In this story, Satan becomes a character with what appears to be his own opinions and his own agenda. However, it would also seem that the Satan has no real power without God. His ability to prove his claims is given to him by Hashem. Although he is described as traveling the world as a free agent, he cannot touch Iyov or those close to him until he is given express permission to do so from Hashem.
How does this view of the Satan relate to the events of our parsha? First of all, as seen in our parsha, satan is more than just a concept. It represents a character who plays a part in the unfolding drama. In the story of Bilam the angel comes “lesatan lo”. This portrays satan as something between concept and character. On the one hand the angel is not described as The Satan as the book of Iyov. On the other hand, the angel has a specified purpose which suggests that his role is similar to that of the The Satan.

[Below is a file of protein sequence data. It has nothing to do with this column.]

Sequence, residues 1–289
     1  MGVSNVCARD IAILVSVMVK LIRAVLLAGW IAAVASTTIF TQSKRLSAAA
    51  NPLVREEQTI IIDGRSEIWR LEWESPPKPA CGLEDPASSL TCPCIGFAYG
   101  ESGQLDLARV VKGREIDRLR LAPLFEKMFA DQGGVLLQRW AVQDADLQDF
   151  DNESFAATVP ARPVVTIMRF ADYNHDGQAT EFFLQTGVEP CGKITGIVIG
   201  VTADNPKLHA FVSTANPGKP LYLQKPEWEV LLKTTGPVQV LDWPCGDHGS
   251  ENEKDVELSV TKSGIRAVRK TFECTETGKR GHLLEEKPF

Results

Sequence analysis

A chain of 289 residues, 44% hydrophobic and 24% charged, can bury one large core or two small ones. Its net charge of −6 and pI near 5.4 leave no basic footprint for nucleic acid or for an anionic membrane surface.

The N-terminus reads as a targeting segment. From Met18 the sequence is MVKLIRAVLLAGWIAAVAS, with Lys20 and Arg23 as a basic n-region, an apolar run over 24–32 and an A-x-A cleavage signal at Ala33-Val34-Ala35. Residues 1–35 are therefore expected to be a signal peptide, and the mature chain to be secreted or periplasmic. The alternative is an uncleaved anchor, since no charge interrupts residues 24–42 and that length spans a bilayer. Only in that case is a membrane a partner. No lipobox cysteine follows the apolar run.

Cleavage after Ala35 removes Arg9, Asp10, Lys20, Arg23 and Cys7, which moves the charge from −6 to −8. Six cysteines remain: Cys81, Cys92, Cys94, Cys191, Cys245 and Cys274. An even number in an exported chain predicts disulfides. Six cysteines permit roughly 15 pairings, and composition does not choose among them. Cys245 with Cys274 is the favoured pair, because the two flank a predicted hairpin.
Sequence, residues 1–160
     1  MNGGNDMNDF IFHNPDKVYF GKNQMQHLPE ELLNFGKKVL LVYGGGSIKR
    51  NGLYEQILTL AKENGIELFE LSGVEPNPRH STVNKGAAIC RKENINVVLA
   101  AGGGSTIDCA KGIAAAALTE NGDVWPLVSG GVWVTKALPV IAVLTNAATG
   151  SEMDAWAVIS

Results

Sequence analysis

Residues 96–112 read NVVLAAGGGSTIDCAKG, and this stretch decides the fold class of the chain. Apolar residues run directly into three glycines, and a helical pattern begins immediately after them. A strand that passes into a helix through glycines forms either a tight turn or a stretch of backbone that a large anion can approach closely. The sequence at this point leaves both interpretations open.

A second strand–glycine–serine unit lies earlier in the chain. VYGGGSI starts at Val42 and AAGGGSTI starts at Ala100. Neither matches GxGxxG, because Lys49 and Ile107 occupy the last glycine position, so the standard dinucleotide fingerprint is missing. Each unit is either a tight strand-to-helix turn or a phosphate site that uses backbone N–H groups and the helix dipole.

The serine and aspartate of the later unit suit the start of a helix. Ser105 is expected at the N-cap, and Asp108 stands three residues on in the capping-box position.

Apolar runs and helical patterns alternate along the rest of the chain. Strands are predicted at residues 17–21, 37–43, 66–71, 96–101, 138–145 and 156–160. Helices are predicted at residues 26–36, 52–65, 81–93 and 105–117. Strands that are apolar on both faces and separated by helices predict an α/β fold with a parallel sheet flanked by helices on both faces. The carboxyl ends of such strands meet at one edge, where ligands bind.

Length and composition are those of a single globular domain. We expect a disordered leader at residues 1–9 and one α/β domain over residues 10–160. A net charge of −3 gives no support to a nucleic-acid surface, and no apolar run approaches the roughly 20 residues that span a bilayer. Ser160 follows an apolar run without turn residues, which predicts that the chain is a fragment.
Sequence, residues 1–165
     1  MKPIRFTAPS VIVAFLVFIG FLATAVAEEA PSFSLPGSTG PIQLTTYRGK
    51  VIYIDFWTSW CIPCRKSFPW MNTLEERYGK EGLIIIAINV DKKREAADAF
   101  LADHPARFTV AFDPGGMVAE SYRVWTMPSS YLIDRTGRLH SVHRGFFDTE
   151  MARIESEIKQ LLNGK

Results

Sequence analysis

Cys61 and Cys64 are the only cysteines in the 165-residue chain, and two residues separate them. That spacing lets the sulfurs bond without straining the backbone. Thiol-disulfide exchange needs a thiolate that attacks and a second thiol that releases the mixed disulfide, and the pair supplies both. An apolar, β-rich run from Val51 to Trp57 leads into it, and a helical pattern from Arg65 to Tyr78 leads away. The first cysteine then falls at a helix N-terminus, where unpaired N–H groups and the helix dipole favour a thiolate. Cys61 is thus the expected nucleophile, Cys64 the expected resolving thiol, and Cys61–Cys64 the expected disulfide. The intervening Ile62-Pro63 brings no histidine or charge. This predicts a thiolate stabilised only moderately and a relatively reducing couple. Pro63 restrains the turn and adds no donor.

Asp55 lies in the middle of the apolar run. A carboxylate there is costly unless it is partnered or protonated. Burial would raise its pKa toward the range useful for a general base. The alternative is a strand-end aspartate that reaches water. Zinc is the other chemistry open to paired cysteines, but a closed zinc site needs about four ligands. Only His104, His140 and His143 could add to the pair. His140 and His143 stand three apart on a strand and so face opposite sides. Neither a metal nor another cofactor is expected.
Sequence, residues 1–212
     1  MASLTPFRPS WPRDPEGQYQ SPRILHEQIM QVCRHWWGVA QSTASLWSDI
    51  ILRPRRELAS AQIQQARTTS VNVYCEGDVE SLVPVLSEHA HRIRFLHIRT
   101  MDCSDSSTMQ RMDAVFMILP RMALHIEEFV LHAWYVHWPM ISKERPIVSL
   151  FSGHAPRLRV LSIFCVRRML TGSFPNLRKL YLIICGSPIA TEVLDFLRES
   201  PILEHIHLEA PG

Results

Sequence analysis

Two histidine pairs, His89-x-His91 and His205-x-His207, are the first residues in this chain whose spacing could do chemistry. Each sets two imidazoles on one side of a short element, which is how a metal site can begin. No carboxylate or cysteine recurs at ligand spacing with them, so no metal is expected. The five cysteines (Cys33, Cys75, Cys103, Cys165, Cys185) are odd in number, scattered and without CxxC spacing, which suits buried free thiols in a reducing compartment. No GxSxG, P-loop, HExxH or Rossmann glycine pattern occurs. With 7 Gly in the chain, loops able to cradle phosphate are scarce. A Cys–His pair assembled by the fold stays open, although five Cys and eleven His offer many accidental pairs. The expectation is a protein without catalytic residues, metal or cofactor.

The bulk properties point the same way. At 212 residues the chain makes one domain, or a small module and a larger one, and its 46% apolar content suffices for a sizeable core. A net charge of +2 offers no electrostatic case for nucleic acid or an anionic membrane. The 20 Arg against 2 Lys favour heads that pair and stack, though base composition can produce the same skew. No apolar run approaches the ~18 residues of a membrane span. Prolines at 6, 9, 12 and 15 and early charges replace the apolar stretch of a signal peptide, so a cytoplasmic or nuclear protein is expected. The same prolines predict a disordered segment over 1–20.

But at this point the similarities end. For if The Satan in the book of Iyov sets out to prove the fallibility of his subject, Iyov, there is no need to do such a thing with Bilam. The fact that Hashem is already angry at Bilam means that he does not require The Satan to demonstrate Bilam’s shortcomings. Furthermore, in the case of Iyov, God gives The Satan permission to test Iyov’s loyalty; in the case of Bilam, Hashem Himself sends the angel on his mission.